Marine Biology

, Volume 158, Issue 7, pp 1551–1580 | Cite as

The role of ciliates, heterotrophic dinoflagellates and copepods in structuring spring plankton communities at Helgoland Roads, North Sea

  • Martin G. J. LöderEmail author
  • Cédric Meunier
  • Karen H. Wiltshire
  • Maarten Boersma
  • Nicole Aberle
Original Paper


Mesocosm experiments coupled with dilution grazing experiments were carried out during the phytoplankton spring bloom 2009. The interactions between phytoplankton, microzooplankton and copepods were investigated using natural plankton communities obtained from Helgoland Roads (54°11.3′N; 7°54.0′E), North Sea. In the absence of mesozooplankton grazers, the microzooplankton rapidly responded to different prey availabilities; this was most pronounced for ciliates such as strombidiids and strobilids. The occurrence of ciliates was strongly dependent on specific prey and abrupt losses in their relative importance with the disappearance of their prey were observed. Thecate and athecate dinoflagellates had a broader food spectrum and slower reaction times compared with ciliates. In general, high microzooplankton potential grazing impacts with an average consumption of 120% of the phytoplankton production (Pp) were measured. Thus, the decline in phytoplankton biomass could be mainly attributed to an intense grazing by microzooplankton. Copepods were less important phytoplankton grazers consuming on average only 47% of Pp. Microzooplankton in turn contributed a substantial part to the copepods’ diets especially with decreasing quality of phytoplankton food due to nutrient limitation over the course of the bloom. Copepod grazing rates exceeded microzooplankton growth, suggesting their strong top-down control potential on microzooplankton in the field. Selective grazing by microzooplankton was an important factor for stabilising a bloom of less-preferred diatom species in our mesocosms with specific species (Thalassiosira spp., Rhizosolenia spp. and Chaetoceros spp.) dominating the bloom. This study demonstrates the importance of microzooplankton grazers for structuring and controlling phytoplankton spring blooms in temperate waters and the important role of copepods as top-down regulators of microzooplankton.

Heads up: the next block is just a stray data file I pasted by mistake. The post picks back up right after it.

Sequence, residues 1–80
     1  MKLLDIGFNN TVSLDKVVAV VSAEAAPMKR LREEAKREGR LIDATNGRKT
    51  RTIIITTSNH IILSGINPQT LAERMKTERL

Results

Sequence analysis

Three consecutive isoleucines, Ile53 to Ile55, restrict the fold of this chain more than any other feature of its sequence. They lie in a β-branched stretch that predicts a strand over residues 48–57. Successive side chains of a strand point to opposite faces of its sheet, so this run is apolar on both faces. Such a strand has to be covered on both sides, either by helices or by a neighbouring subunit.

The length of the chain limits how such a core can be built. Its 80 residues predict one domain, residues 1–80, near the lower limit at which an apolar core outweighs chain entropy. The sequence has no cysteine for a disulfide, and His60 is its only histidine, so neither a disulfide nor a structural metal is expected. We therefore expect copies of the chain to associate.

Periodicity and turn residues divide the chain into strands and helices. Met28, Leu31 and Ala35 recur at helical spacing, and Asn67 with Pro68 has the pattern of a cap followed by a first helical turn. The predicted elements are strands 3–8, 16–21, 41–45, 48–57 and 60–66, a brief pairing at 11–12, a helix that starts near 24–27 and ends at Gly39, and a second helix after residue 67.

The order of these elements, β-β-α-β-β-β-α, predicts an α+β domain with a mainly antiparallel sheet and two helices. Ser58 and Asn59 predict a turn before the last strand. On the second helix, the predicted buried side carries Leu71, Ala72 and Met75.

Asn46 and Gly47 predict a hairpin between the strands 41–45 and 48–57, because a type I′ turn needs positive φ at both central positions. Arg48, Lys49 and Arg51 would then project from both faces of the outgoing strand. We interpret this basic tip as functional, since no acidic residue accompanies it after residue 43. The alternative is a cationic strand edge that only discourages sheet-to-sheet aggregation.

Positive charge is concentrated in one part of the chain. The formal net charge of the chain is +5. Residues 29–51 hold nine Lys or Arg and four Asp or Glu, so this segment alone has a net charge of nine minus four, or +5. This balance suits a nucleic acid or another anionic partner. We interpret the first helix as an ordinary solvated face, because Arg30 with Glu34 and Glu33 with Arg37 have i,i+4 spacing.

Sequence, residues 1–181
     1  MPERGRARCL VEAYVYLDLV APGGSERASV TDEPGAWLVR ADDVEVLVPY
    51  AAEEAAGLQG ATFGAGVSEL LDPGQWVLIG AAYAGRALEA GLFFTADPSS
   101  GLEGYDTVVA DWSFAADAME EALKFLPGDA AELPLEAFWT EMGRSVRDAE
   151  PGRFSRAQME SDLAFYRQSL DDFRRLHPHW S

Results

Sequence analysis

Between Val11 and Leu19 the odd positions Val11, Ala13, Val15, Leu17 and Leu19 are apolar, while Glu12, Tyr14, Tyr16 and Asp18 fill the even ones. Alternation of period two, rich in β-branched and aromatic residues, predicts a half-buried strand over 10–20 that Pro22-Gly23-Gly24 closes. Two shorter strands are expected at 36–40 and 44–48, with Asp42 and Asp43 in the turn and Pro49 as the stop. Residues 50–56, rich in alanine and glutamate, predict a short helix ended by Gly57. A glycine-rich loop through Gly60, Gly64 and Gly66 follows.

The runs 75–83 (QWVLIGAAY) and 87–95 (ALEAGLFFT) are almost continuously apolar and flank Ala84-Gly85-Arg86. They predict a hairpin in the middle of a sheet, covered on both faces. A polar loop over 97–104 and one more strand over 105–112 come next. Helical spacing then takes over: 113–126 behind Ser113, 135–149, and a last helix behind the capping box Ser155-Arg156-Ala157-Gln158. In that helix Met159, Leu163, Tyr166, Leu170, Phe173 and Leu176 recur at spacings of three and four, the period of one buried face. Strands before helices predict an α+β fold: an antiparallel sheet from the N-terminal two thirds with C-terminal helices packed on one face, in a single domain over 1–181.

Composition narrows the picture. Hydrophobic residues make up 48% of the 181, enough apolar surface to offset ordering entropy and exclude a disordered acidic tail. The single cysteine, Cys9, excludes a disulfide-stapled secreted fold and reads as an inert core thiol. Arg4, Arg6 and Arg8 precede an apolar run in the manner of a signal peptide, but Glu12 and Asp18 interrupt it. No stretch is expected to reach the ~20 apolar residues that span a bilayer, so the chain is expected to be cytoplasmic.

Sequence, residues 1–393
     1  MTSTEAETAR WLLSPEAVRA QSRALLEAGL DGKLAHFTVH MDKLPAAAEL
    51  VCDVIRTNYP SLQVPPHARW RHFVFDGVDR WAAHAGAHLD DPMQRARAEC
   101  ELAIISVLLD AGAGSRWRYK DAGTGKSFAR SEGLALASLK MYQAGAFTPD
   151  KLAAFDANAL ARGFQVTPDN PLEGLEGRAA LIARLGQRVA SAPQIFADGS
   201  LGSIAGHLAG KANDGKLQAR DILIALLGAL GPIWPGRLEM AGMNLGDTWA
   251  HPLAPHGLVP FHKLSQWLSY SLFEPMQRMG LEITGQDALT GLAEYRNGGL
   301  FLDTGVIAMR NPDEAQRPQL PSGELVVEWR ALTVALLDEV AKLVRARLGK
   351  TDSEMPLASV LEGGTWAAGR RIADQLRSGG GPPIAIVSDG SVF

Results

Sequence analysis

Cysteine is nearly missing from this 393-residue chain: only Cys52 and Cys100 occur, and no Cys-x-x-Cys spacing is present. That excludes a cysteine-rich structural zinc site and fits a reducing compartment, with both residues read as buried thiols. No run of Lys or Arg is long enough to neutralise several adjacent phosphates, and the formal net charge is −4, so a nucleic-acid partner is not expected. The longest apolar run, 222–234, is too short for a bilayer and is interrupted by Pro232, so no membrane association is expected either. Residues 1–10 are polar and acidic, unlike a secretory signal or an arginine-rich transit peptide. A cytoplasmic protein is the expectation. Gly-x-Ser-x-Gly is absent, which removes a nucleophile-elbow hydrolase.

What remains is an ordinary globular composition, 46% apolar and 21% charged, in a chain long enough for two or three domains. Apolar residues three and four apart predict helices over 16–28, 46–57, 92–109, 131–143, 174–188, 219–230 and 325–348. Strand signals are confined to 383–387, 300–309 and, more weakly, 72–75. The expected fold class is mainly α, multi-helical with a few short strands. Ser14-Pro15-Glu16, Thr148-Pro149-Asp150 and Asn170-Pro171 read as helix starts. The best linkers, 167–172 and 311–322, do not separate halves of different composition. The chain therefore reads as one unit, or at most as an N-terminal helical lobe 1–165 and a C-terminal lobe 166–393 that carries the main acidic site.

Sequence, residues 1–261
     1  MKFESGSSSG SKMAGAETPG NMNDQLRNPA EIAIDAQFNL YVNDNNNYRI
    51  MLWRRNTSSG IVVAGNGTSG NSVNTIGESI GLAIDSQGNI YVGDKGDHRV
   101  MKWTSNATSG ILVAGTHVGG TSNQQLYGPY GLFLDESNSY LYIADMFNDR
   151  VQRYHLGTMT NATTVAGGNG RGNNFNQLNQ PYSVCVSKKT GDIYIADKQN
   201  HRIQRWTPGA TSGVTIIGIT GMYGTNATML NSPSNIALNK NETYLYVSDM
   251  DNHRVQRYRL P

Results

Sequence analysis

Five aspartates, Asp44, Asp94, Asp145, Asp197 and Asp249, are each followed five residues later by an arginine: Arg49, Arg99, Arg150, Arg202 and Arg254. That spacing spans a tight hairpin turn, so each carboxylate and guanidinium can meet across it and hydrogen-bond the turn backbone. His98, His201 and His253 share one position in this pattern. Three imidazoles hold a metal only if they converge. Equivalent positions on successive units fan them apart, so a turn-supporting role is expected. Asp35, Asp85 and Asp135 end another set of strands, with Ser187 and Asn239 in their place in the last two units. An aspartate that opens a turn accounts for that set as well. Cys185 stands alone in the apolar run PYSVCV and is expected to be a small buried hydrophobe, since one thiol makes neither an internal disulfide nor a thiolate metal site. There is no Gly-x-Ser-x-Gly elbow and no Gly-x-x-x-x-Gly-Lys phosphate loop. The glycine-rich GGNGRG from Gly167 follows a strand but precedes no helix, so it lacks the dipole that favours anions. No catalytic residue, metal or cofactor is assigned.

Phytoplankton Dinoflagellate Spring Bloom Grazing Rate Grazing Impact 
These keywords were added by machine and not by the authors. This process is experimental and the keywords may be updated as the learning algorithm improves.



This study was part of a PhD thesis within the Food Web Project at the Alfred Wegener Institute for Polar and Marine Research and we are grateful for the funding. Special thanks to Prof. Ulrich Sommer, Thomas Hansen and Sebastian Meyer at the IFM-GEOMAR (Kiel) for providing us the “Copacabana” light control programme and who helped us in words and deeds. Many thanks to the technical department of the BAH for all the perfect “short notice” solutions and to Arne Malzahn for his technical support. Special thanks also to the “Copepod Hunter” Katherina Schoo for catching and sorting out all the copepods for our experiments. Furthermore, thanks to the crews of the research vessels Uthörn and Aade, Kristine Carstens, Silvia Peters and the whole team of the AWI Food Web Project. Last but not least many thanks for the comments of three anonymous reviewers which helped us a lot for improving this manuscript.


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© Springer-Verlag 2011

Authors and Affiliations

  • Martin G. J. Löder
    • 1
    Email author
  • Cédric Meunier
    • 1
  • Karen H. Wiltshire
    • 1
  • Maarten Boersma
    • 1
  • Nicole Aberle
    • 1
  1. 1.Biologische Anstalt HelgolandAlfred Wegener Institute for Polar and Marine ResearchHelgolandGermany

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